At the beginning of May, with Covid restrictions in full swing, Land Registry made changes to the ‘Mercury’ signing rules for documents and deeds.
The ‘Mercury’ approach facilitates virtual signings where one or more signatories are not physically present at the same meeting.
Simon Davis, president of the Law Society of England and Wales, welcomed the change saying:
“These changes help to improve processes for transactions in a difficult environment – they are both pragmatic and proportionate.”
Now, it seems, there seemed to be some confusion as to whether a digital signature deemed a mortgage deed validly executed.
Mortgage Finance Gazette is carrying an interview on the subject with Jonathan Newman, senior partner at Brightstone Law, who says:
“It is important to clear up the first point as to whether we are referring to a document or deed and the specific characteristics of the deed, for example, a deed which deals with the disposal of an interest in land – i.e. a mortgage deed.”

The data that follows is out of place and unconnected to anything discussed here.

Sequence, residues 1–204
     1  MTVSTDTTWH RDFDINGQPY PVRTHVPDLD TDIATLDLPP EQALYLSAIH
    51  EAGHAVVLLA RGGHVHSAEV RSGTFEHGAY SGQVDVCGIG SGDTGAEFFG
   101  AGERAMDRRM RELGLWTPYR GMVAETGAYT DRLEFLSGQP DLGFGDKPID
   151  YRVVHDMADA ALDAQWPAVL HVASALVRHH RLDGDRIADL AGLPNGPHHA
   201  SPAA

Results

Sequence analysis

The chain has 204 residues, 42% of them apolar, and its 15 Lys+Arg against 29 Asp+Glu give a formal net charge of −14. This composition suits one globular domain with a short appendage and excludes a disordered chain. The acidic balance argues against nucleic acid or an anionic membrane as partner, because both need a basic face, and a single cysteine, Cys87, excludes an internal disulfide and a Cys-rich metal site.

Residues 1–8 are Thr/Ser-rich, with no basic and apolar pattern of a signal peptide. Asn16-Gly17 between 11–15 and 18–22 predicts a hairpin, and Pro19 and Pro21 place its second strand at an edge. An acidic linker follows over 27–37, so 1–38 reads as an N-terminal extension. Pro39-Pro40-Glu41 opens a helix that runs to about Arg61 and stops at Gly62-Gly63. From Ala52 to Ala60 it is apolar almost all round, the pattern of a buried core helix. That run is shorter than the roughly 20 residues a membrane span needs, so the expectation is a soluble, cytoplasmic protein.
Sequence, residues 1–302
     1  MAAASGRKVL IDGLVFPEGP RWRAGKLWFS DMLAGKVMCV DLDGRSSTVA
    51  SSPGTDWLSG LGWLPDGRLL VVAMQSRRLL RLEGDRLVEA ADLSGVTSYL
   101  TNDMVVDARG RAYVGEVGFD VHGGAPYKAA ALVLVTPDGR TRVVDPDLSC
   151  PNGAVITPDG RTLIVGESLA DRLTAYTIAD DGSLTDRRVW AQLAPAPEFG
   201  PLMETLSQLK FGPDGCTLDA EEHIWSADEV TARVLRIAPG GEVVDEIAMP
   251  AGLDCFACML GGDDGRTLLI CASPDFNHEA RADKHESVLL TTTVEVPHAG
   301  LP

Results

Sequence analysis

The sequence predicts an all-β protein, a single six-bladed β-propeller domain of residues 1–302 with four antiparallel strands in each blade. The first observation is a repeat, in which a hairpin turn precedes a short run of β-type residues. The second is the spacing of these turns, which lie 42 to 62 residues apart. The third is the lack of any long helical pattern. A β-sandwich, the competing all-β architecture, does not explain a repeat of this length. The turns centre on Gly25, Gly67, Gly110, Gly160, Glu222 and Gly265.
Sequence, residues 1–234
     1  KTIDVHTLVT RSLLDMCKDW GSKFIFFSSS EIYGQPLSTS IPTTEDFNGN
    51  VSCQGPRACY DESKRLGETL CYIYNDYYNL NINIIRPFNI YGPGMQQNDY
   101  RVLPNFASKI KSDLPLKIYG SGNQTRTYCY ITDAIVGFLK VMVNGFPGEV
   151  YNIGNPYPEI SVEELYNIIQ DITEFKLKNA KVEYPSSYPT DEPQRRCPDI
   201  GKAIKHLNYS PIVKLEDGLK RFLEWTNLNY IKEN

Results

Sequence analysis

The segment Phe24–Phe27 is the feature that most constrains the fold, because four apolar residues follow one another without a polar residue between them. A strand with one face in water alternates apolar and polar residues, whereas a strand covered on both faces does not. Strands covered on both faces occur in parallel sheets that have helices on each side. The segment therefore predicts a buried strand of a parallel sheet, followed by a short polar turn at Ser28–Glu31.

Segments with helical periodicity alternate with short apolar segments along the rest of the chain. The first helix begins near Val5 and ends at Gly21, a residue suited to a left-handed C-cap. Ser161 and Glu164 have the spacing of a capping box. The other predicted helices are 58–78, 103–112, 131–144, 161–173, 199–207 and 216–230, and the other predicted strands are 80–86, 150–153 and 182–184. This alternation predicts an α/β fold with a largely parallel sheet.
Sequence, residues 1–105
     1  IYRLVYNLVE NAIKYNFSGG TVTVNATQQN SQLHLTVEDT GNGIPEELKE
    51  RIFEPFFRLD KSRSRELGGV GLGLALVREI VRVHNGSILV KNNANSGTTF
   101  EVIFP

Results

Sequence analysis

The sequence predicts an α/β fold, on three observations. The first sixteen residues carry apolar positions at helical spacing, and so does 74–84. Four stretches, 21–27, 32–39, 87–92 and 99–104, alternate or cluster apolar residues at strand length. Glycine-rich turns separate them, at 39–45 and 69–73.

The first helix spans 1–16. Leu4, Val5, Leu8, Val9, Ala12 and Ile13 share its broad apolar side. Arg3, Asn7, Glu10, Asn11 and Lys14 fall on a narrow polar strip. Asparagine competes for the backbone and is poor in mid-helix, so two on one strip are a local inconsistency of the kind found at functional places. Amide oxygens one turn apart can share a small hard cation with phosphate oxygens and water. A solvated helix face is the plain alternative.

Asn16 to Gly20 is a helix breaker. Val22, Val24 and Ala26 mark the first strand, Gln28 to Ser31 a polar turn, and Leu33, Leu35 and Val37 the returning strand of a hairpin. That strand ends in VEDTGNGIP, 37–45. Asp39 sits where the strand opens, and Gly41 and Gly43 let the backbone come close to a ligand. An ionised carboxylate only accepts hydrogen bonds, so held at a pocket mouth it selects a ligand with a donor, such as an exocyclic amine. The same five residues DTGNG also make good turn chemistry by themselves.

“The key point in the Land Registry’s announcement which seems to have been missed is that mortgage deeds “must still be signed in pen and witnessed in person” to be valid and enforceable.”
This appears to have implications for sales/legal progression.
After this story was published HMLR contacted EYE with the following clarification:
There appears to be some confusion regarding Mercury signing. We will accept any dispositionary deed that has been Mercury signed in accordance with our requirements set out in Practice Guide 8, and the grant of a charge (i.e. a mortgage) is a disposition.
Our guidance can viewed here